Let me begin by asking a provocative question — what stops a state government from giving a gold coin to every woman in the state? Let me push it. What stops the state from giving the gold coin every month?
I would bet that every chief minister is asking the state's finance secretary to make space for doles. Even if the state does not have a history of revdis, it would definitely be tempting for a public representative to think about giving something away like a king or queen would. The two personalities that started the "dole wars", J Jayalalithaa and M Karunanidhi, definitely were such personalities.
There is a strange dichotomy in politics in India. It is elevating at the national level and transactional at the state level. Roughly so! Of course, there are exceptions in states such as Uttar Pradesh, Assam, etc, where BJP is focused on building long-term competitive advantages.
With large-scale corruption exposed through raids by the Enforcement Directorate in various states, people have become disillusioned with "big talk" of state leaders. They are reduced to asking, "what is in it for me directly?" Money power is on blatant display during elections which is reflected in the every innovative methods of distribution of cash and liquor.
There are a few political-economy reasons for the "rise of revdis". One is the need for political parties to distinguish themselves. The BJP government at the Centre has been following the paradigm of "input-based" development, by focusing on infrastructure, skill-building, security, investment promotion and so on. It results in a healthy development of capital goods and skills, resulting in both short-term and long-term benefits. In other words, it follows the "teach a man to fish" principle. Even in the recently launched "Vishwakarma scheme", the focus was on skills, infrastructure and intellectual property. The central government uses Direct Benefit Transfer only for ameliorative purposes such as the Krishi Samman Nidhi, Ujjwala Yojana, etc.
On the other hand, the opposition follows the "give the man a fish" principle, promising instant gratification. It panders to the lower transactional instincts of citizenship. The "guarantees" of the Congress being implemented in Karnataka and Telangana have to be seen with this lens. Remember that these two states are among the richest in India in terms of per-capita GDP. During the election campaigns in these states, arguments were constructed pointing to the skewed geographic and community-based accrual of benefits. They added that the only way for everyone to get a fair share was to give away doles and cash. Even the BJP-led state government in Madhya Pradesh belongs to this category.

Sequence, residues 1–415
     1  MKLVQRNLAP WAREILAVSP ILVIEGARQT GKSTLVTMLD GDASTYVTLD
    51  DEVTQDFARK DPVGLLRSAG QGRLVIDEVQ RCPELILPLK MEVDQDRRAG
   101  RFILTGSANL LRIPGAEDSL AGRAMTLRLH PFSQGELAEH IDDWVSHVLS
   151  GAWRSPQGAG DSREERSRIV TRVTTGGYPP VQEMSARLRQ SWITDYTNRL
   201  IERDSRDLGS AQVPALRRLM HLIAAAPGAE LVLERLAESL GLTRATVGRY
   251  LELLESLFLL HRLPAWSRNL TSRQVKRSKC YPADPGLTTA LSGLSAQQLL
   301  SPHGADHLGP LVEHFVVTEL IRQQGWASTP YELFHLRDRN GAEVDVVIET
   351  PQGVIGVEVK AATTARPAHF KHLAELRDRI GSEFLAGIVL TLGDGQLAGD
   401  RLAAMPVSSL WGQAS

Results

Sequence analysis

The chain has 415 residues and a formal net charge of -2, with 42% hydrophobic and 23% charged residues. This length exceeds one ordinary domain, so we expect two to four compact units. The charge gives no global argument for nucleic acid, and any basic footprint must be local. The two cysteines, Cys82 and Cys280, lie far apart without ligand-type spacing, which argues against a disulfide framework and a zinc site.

This argument finds favour with many bleeding-heart commentators that would not even tolerate the words "revdis" or "doles". They call it "welfare". Some even said that this is democracy's way of maintaining social cohesion. What they do not realise is that with debt positions climbing, the states face the opportunity cost of building capital infrastructure and will result in secular decline of the state's prospects.
For example, the Congress government in Karnataka, which is now neck-deep in fiscal woes, would not even be able to fulfill its own election promise of expanding the metro line by 70 kms. Tamil Nadu is the top borrower in recent years. It plans to borrow Rs 1.43 lakh crore this fiscal year, out of which Rs 51,000 crore go into just debt-servicing.
A saving grace of the recent campaigns in Karnataka and Telangana is that the Congress has gone slow on reversal to the Old Pension Scheme (OPS). The implementation is wreaking havoc to the coffers of Himachal Pradesh. It is politically thoughtless as well, because it targets a small base (about 1.5 lakh in HP) of retired government employees. The irony is that the Congress did not even have the wisdom to save on the OPS to give away more doles! This happens when politics become solely a game of rhetoric and promising anything that the opponent is not in favour of becomes the playbook. This feature is exactly the argument used by opponents of democracy itself!
There are multifold ramifications of these ever-increasing deficits. In the near term, old school corruption will come back with a vengeance, from over-counting of beneficiaries. Look at Tamil Nadu's distribution of Rs 1,000 for about 1 crore women every month. It is begging for an ED raid for later. Current capacities suffer from poor maintenance, eg, buses in Karnataka. The list can go on.
In the medium term, state government bonds will get dearer, thus exacerbating infrastructure woes. Over the course of time, investors will flee, thus reducing tax revenues and the money available for normal functioning of the government. The goose laying the golden egg, thus dies. When industry starts moving away, it can become a trend. Narratives are sticky. Hyderabad and Bengaluru cannot be complacent. Every state capital is now their competitor.
It seems like ancient-regime, but there was a state government not too long ago that focused on building roads and check-dams, made electricity reforms with separate feeders for farmers, conducted pioneering investor summits etc. It is another stunning aspect of Narendra Modi's political journey that he did it virtuously without pandering to people or ruining the state finances.
Most old-school politicians naturally tend towards being Robinhoods. They do not upgrade themselves philosophically and become efficient administrators. It should be acknowledged that to be skilled in both politics and administration is a tough ask. It is akin to doing a double PhD. That is why PM Modi is so unique!
We will look at the economic dimension of the ‘Revdism’ in the next part.
Banuchandar is a political and public policy advisor. He posts at @Banu4India.
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